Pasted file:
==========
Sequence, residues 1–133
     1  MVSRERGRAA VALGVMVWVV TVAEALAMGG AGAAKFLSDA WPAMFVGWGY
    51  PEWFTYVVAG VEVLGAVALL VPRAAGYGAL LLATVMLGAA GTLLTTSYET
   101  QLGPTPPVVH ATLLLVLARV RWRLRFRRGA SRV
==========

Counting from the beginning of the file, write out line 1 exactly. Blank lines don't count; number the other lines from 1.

Sequence, residues 1–133